For additional information about how to download Microsoft Support files, click the following article number to view the article in the Microsoft Knowledge Base:
119591 How to obtain Microsoft support files from online services
Microsoft scanned this file for viruses. Microsoft used the most current virus-detection software that was available on the date that the file was posted. The file is stored on security-enhanced servers that help to prevent any unauthorized changes to the file.

Installation Information

This update supports the following switches:
  • /x Generates a list of the packaged files. You can select the files that you want to extract and the location.
  • /s Performs a silent installation. This switch stops services and installs the fix with no prompts or user interface (UI). Allow sufficient time for the fix to be installed, because this switch returns control to the command prompt well before the installation is finished. Make sure that the fix is installed. The graphical user interface (GUI) fix package Qxxxxxx.exe should be running in the task manager properties (where xxxxxx is the Microsoft Knowledge Base article Q number and name of the fix).
  • /z This switch is the same as the /x switch, but the /z switch automatically restarts the computer. Do not use the /z switch unless you want to automatically restart the computer.
  • /m Prompts you for the folder locations. You can select the folder locations of the Microsoft Windows folder, the System folder, the System32 folder, the Temp folder, the Source folder (which is usually the Temp folder), the System Windows folder, and the Language folder.
For example, the following command line installs the update without any user intervention and then does not force the computer to restart:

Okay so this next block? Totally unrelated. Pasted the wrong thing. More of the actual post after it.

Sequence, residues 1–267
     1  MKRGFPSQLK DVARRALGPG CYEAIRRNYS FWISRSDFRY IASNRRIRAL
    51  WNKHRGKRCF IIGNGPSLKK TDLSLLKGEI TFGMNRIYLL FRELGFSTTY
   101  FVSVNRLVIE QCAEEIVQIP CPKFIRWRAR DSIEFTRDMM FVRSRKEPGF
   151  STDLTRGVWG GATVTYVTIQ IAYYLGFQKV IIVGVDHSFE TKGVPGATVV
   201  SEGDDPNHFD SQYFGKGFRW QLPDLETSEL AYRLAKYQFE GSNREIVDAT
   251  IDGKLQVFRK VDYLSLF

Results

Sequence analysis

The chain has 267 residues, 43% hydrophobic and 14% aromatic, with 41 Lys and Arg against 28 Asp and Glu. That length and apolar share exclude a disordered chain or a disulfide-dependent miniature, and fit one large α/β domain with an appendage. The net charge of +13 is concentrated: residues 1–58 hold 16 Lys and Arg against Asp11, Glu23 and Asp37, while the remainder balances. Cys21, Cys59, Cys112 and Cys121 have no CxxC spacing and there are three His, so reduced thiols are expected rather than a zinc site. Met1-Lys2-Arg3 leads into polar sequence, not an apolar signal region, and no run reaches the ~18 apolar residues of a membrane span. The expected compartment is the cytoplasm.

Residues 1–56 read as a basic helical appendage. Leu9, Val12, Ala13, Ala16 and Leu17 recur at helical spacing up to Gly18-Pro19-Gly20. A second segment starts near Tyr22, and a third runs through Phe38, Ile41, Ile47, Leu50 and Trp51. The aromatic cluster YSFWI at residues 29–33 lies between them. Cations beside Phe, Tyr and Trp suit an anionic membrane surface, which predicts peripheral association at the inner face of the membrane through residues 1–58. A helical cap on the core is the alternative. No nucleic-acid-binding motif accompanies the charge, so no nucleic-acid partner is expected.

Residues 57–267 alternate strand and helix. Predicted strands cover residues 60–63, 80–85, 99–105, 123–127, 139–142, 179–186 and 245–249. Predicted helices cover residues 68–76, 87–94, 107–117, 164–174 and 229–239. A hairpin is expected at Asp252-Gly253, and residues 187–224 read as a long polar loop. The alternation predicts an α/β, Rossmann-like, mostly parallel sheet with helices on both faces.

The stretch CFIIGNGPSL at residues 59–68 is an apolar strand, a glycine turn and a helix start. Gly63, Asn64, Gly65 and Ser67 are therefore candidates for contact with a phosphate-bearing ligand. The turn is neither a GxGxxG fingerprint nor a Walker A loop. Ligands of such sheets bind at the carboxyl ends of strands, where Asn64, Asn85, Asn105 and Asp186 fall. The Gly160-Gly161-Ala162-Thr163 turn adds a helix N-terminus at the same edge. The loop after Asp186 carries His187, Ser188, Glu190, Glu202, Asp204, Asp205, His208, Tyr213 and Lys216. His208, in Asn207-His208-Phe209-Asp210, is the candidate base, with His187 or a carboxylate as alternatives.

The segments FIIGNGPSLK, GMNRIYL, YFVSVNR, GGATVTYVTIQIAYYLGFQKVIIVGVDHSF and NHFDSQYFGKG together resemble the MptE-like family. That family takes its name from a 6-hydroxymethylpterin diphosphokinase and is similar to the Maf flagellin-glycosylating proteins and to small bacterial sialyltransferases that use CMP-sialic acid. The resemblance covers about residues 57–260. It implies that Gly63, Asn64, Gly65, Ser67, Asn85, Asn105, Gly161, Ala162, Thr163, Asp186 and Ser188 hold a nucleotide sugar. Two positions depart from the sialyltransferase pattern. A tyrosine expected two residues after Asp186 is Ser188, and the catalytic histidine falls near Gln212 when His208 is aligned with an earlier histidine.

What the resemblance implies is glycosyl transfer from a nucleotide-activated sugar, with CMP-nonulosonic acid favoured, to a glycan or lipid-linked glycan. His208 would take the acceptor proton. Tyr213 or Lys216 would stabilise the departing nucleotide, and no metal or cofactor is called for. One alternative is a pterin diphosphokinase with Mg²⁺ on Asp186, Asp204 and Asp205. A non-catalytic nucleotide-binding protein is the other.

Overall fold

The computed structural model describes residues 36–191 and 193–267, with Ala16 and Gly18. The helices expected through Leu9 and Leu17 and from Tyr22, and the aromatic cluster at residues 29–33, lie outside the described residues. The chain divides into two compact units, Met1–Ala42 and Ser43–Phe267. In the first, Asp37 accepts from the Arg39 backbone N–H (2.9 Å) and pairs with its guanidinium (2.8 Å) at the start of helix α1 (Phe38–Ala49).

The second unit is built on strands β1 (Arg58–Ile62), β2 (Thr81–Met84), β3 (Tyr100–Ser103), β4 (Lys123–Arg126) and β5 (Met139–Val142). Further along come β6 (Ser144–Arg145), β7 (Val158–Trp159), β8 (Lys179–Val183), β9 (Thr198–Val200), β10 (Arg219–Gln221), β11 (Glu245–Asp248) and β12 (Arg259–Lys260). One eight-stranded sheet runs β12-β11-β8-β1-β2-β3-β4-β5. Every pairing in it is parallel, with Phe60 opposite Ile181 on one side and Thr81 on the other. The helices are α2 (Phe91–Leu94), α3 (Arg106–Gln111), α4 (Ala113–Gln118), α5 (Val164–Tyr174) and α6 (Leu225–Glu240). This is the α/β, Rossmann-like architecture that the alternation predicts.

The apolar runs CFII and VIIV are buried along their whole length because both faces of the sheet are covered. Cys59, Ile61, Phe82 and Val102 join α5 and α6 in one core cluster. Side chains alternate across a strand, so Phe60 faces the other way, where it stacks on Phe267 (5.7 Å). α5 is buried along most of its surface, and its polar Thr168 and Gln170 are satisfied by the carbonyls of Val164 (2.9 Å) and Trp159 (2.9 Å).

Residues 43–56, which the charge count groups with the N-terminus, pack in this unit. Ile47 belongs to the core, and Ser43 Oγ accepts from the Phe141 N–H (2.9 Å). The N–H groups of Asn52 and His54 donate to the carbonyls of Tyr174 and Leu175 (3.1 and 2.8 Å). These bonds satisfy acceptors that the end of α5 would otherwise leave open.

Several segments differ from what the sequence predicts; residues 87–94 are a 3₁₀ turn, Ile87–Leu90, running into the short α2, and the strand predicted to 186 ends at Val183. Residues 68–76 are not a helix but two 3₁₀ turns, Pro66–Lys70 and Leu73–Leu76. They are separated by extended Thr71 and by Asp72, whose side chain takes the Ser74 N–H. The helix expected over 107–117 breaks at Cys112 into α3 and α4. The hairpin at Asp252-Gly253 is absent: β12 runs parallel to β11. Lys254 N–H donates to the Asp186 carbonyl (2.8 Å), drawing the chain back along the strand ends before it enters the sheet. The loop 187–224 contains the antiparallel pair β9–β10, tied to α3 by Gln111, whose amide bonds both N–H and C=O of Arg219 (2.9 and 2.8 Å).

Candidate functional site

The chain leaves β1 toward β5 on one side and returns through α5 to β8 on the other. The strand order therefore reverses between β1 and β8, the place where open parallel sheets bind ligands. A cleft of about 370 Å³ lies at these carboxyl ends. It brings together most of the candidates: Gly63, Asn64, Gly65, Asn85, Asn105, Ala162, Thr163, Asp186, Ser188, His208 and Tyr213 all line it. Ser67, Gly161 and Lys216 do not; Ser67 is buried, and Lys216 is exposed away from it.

Q326322enui386 /s

File Information

The English version of this hotfix has the file attributes (or later file attributes) that are listed in the following table. The dates and times for these files are listed in Coordinated Universal Time (UTC). When you view the file information, it is converted to local time. To find the difference between UTC and local time, use the Time Zone tab in the Date and Time tool in Control Panel.
   Date          Time    Version       Size      File name and path
   12-JUL-2002   12:58   5.5.2656.59   209,680   %EXSRVROOT%\Bin\Imcmsg.dll
   12-JUL-2002   12:59   5.5.2656.59   503,568   %EXSRVROOT%\Connect\Msexcimc\Bin\Msexcimc.exe
Note Because of file dependencies, this update may contain additional files. This update requires Exchange Server 5.5 Service Pack 4.


Microsoft has confirmed that this problem may cause a degree of security vulnerability in the Microsoft products that are listed in the "Applies to" section.


For additional information about this vulnerability, visit the following Microsoft Web site:


Article ID: 326322 - Last Review: October 26, 2006 - Revision: 7.1
  • Microsoft Exchange Server 5.5 Service Pack 4
  • Microsoft Exchange Server 5.5 Standard Edition
  • Microsoft Exchange Server 5.5 Service Pack 1
  • Microsoft Exchange Server 5.5 Service Pack 2
  • Microsoft Exchange Server 5.5 Service Pack 3
kbhotfixserver kbqfe kbbug kbexchange550presp5fix kbfix kbqfe kbsecbulletin kbsechack kbsecurity kbsecvulnerability KB326322
Retired KB Content Disclaimer
This article was written about products for which Microsoft no longer offers support. Therefore, this article is offered "as is" and will no longer be updated.

Give Feedback


Contact us for more help

Contact us for more help
Connect with Answer Desk for expert help.
Get more support from